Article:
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Protecting Creditors’ Rights In Bankruptcy

Last updated on November 28, 2023

Creditors have options for responding to a bankruptcy, but they often assume that their claim is already lost as soon as a debtor files. A brief investigation of the case at the beginning is essential to see how to preserve a claim or debt.

Many of the common creditors’ methods for responding to consumer bankruptcy also apply to business cases. However, due to the complex nature of a chapter 11 bankruptcy, creditors should seek a personalized consultation with a lawyer to assess their options. The Law Office of Thomas B. Gorrill can work with creditors to preserve their claims in San Diego and other parts of Southern California.

Seek Relief From The Automatic Stay

An automatic stay freezes most legal actions against the debtor. However, if a lawsuit was about to go to trial, or if a foreclosure or eviction was about to occur, a creditor may have grounds to request relief from the automatic stay. This relief can allow creditors to move forward despite the pending bankruptcy case.

Preserving Nondischargeable Debts

In a bankruptcy case, the debtor endeavors to discharge as much debt as possible. To prevent a claim or debt from this discharge, a creditor may file a complaint within 60 days from the first date set for the creditor’s meeting. The complaint may highlight a bad faith issue, such as evidence that the debtor obtained the debt through fraud.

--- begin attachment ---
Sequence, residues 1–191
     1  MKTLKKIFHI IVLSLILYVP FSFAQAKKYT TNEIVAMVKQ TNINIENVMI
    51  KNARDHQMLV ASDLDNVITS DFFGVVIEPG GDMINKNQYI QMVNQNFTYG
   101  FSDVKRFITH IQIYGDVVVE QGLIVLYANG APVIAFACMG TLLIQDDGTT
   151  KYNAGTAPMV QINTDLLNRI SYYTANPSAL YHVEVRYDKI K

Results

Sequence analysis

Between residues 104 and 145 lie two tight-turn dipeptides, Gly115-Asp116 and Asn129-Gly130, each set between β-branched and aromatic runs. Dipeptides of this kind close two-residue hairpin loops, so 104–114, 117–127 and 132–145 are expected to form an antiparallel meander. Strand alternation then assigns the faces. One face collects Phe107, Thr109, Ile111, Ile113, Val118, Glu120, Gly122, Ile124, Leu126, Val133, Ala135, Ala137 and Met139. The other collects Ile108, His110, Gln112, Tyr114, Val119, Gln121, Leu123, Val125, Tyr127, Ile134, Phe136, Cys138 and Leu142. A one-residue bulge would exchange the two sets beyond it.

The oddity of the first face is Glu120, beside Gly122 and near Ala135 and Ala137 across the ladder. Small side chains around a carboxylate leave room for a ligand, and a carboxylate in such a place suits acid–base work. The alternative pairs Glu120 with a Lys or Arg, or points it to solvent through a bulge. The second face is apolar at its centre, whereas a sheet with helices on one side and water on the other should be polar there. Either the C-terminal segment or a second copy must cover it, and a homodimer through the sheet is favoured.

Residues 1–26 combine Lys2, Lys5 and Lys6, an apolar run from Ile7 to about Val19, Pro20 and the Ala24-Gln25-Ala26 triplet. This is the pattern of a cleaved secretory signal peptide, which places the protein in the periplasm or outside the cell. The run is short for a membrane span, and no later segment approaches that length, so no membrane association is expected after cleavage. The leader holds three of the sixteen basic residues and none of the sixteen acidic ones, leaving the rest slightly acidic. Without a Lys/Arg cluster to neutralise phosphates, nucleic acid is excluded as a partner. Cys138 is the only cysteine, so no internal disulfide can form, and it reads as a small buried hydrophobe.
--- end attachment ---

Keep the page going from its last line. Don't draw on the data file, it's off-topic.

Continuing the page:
Contesting Discharge In Chapter 7 Cases

Creditors can file a complaint with the bankruptcy court against an individual debtor who seeks Chapter 7 debt relief. If the creditor is successful, the court will deny a discharge of all the applicable debts owed at the time of the bankruptcy petition.

There are several grounds for objecting to a debtor’s discharge, including:

  1. The debtor failed to keep and produce adequate financial records.
  2. The debtor failed to explain satisfactorily a loss of assets.
  3. The debtor made a materially false statement in his bankruptcy papers.
  4. The debtor failed to obey a lawful order of the bankruptcy court.
  5. The debtor fraudulently transferred, concealed or destroyed property of the bankruptcy estate.

Typically, a creditor has less than 90 days after receiving notice of the bankruptcy case to file a complaint. With such a short time period, a creditor must act promptly to learn if grounds exist to object to discharge.

Chapter 13 Plans May Not Be Reasonable

In Chapter 13, debtors submit a plan to repay all or part of their debts. Cases are often dismissed because the debtors fail to comply with the requirements of the case.

For example, a debtor might repeat filing for bankruptcy too many times. Alternatively, the debtor might propose a plan with little to no payment to creditors.

It is important to review the bankruptcy papers at the early stages of the case. A creditor can often get the court to increase the plan dividend or dismiss the case by showing the plan was in bad faith or not feasible.

Assess The Best Path Forward

Creditors have options. The best method depends upon the particular facts of a case. Creditors should seek the advice of experienced counsel. Call 619-237-8889 or email our firm in San Diego for a detailed consultation.